- Tears (rips occurred by removing sleeper sofa linens)
- Mildew (being stored prior to processing)
- Damage (stuffing pillow cases and dragging them on cement, etc.)
- Accidental Loss (linens can be left on landings or even thrown in the dumpster by getting mixed with trash)
- Irremovable stains
- Tears or rips from getting caught on machines and carts
- Rust from tumblers or carts
- Employee theft
- Over-drying or scorching
- Chemical residue in linens
- Employee theft
- Guest theft (when carts are left unattended)
- Irremovable stains (make-up, blood, etc.)
- Misplacement (beach, tennis court, golf course, etc.)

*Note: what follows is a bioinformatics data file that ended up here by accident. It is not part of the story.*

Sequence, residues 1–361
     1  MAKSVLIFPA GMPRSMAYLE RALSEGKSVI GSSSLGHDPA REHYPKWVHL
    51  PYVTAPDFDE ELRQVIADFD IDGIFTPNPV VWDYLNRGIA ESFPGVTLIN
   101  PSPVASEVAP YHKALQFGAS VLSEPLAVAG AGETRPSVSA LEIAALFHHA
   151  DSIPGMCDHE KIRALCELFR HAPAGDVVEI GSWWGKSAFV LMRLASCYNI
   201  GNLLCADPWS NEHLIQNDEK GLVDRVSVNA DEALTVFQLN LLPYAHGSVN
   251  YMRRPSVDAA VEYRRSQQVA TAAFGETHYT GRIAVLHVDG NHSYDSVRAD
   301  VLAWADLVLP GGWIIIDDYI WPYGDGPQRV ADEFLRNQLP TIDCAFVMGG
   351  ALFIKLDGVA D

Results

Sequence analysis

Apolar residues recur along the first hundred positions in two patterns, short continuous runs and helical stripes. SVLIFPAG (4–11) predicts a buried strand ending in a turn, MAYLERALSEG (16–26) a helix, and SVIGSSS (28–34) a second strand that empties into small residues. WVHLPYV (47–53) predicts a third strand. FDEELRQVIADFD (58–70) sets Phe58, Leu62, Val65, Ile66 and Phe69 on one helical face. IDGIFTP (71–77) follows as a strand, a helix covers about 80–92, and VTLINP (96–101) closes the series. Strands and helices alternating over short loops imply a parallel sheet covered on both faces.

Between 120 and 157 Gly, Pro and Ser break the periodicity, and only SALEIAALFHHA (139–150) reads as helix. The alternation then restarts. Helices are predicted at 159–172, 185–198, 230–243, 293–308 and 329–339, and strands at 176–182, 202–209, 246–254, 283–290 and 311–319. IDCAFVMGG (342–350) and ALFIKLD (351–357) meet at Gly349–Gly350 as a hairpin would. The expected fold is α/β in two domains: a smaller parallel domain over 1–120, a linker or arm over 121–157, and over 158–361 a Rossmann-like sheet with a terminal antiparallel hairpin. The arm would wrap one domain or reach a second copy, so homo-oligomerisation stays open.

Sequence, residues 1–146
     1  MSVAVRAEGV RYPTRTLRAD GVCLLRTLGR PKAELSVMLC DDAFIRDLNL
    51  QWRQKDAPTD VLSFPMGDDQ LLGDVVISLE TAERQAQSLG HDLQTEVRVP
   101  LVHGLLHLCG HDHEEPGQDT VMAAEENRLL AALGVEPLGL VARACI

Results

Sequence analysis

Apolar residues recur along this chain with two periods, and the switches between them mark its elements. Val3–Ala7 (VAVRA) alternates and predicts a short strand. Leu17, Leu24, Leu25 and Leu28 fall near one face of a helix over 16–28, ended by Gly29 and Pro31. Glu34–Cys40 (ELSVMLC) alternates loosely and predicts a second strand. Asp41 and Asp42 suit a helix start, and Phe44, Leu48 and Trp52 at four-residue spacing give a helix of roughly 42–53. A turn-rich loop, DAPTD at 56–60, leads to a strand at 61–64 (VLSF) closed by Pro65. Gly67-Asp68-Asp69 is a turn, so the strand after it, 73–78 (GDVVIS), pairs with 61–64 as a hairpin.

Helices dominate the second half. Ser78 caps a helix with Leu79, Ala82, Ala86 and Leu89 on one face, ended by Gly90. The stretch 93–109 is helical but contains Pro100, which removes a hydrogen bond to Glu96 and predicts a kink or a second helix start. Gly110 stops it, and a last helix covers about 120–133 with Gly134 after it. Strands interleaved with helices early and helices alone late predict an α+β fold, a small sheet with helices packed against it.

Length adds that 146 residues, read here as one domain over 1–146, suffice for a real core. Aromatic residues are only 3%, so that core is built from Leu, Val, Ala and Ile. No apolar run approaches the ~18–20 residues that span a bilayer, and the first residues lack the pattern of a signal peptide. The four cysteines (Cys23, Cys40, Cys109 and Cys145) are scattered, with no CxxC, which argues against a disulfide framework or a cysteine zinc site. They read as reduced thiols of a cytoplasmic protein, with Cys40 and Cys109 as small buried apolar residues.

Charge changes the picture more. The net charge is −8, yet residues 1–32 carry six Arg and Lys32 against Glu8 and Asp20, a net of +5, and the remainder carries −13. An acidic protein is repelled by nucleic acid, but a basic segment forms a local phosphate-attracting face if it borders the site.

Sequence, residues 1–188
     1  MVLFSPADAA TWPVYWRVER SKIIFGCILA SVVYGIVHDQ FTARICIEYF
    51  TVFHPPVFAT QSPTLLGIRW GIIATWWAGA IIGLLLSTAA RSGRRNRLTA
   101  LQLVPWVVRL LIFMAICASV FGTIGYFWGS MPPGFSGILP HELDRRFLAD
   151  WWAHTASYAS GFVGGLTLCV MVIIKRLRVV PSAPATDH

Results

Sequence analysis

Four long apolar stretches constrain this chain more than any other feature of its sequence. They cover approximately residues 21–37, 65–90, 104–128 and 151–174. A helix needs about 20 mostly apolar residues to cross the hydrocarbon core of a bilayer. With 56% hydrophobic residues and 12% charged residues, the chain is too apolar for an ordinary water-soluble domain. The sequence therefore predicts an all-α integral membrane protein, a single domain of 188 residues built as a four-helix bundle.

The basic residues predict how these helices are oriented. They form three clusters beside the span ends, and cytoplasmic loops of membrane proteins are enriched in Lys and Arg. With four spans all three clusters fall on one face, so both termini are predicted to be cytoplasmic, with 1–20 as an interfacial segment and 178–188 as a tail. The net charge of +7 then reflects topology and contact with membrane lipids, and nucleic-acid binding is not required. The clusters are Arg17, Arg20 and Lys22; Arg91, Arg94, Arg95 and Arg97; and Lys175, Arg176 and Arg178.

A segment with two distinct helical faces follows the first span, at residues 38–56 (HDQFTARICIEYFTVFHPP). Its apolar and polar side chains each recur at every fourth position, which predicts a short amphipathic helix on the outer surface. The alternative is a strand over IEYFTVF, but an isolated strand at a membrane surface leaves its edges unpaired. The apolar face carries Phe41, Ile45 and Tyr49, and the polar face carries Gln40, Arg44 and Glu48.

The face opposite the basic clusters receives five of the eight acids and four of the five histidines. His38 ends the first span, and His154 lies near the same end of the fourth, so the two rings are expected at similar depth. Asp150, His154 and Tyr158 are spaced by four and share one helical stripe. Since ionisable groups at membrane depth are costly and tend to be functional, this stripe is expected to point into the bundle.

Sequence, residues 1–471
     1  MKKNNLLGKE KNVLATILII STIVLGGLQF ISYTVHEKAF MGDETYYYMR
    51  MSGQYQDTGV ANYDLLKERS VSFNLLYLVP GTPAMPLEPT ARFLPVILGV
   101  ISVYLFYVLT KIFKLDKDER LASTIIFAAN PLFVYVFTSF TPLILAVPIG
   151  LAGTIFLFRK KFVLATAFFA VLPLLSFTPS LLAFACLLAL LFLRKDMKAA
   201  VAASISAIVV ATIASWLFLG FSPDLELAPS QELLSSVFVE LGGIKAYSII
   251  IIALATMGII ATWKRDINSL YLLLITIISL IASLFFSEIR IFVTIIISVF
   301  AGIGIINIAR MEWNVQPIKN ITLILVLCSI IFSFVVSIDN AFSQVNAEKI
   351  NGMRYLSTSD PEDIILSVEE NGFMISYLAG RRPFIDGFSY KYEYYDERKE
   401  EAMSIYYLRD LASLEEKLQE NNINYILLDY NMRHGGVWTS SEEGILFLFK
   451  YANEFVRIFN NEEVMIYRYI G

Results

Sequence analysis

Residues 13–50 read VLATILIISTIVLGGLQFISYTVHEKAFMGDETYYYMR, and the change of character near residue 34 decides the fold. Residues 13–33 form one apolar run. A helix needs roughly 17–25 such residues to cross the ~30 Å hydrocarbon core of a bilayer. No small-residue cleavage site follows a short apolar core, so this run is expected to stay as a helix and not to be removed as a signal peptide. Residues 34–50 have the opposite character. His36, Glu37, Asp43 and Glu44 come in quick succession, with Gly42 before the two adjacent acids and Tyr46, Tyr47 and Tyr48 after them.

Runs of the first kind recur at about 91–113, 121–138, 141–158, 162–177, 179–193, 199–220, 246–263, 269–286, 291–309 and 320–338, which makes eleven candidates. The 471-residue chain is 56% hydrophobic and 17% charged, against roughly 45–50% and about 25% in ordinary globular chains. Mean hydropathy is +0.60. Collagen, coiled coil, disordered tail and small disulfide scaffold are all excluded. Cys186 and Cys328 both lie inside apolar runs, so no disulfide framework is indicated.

To put this in more common terms, I’ll cite actual examples of ways shrinkage has occurred that have been shared with me:
- Employees use room linens to do the cleaning. The stains do not come out. This is the single biggest way that linens are abused at many properties, primarily vacation rental companies.
- Owners take a pillow and it’s case when they depart so kids can sleep in the car on the way home, or they take a pillow case to hold dirty clothes.
- Golfers take face towels to clean their clubs and put a hole in the towels in order to hang them on their bags.
- Blood located on a fitted or bottom flat sheet that is not removed during cleaning.
- The owners or guests take towels home or renters exchange linens.
- Employees steal linens for their own use or for sale at flea markets.
- Dirty linens are stuffed into pillow cases and dragged along the ground causing irremovable stains on the case.
- Employees carelessly take sheets off sleeper sofas and rip the sheets on the springs.
- Wash cloths are used to shine shoes, wash cars, remove makeup, etc.